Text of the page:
Thanks to Phil Matier and Andrew Ross in today's SF Chronicle, we now know how much BART has wasted on their cell phone RFID program...
Based on today's article, I thought Matier and Ross used some of my ideas (especially this posting), but Andy replied back and didn't even know about my blog. I wrote back saying "all great minds think alike."
Actually, thanks to those two, they have dug up even more information that I would never have the privilege to obtain. I don't have press credentials, so I always have to get information from either past experience or from my connections.
We now know that BART's Vice President James Fang was the one responsible for this cell phone program. He thought of the idea and got BART to play along, and he even dislikes the Translink program by calling it an obsolete program in the near future.
Oh really? Cell phone RFID has so many restrictions, from people being forced to be under contract with a cell phone company, buying specific programmed cell phones, and maybe a future 10% surcharge for just using this service. Translink is literally FREE (if you get automatic reloading; that waives the $5 card fee).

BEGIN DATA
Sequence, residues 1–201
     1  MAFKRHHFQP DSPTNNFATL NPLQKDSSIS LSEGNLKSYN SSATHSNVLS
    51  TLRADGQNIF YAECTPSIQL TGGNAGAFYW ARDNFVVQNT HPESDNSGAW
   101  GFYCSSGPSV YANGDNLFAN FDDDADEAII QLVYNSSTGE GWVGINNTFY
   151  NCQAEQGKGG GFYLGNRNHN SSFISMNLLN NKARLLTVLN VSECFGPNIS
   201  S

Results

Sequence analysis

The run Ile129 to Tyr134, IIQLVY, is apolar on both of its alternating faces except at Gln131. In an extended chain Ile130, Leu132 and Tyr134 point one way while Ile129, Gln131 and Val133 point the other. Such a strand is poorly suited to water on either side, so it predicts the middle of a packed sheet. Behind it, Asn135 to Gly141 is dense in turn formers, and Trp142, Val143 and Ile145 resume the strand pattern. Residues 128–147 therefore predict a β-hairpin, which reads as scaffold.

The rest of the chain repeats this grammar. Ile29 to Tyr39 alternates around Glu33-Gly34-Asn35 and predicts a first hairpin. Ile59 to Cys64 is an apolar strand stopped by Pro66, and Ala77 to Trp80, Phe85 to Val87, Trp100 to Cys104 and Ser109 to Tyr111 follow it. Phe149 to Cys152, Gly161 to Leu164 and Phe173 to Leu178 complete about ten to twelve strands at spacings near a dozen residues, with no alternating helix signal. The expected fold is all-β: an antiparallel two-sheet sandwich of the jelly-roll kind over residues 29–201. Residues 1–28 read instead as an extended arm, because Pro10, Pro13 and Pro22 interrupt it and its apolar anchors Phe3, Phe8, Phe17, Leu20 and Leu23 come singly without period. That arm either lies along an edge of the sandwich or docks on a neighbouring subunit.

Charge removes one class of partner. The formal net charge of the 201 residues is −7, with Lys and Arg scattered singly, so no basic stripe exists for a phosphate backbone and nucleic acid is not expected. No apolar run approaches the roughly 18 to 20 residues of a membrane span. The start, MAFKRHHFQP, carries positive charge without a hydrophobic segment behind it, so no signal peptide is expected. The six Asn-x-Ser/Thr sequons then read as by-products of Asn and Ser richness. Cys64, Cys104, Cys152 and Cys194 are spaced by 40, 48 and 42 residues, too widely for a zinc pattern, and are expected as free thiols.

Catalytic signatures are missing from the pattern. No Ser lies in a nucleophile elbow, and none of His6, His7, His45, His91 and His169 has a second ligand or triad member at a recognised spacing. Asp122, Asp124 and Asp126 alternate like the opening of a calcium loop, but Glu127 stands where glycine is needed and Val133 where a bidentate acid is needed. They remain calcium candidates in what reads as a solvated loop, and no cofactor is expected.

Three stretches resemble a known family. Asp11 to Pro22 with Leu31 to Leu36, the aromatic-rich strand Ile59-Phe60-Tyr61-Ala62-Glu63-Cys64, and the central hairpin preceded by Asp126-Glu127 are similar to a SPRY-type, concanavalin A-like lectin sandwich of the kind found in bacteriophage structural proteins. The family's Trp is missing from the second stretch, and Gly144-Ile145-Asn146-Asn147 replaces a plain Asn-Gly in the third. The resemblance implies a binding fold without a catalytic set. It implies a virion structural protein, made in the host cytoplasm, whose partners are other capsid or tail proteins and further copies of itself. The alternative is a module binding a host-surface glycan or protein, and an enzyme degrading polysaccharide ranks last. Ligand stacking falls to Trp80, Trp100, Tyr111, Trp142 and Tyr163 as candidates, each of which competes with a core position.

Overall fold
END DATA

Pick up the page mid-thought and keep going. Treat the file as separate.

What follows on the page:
Octopus in Hong Kong started in 1997 and is now one of the most successful universal transit fare card programs in the WORLD. They are now 12 years old and the technology is not OBSOLETE. Not by a long shot. Plus, they use the original technology from ERG; same as Translink's.
Here is a list of what Octopus has done to stay away from being obsolete:
- Subway companies upgrades their fare gates with the Octopus card reader pre-installed (old fare gates had an accessory kit installed).
- Making mini sized cards for keychains, special watches, wristbands, and even cell phone covers with the chip installed.
- Takes attendance at schools.
- Decreases crowds waiting to enter at the gates, and quicker boarding on buses.
- Buy food at many fast-food joints, bakeries, and convenience stores.
- Expand their services into neighboring cities.
- Vending machines.
- Customized cards.
- Pay taxi fares (under trial).
- Transit fare discounts for using the card vs. a ticket.
- Rewards/rebates/discounts at food vendors.
- Sells a tourist card with preloaded funds and includes rides on the train to the airport.
But failure is a definite option for BART VP Fang. How about you cancel your agreements with cell phone providers and refund the $350,000? BART has a huge budget deficit, and this money could be used to benefit BART in many ways, like getting rid of that blue carpet.
My comment is the "most recommended" at SFgate!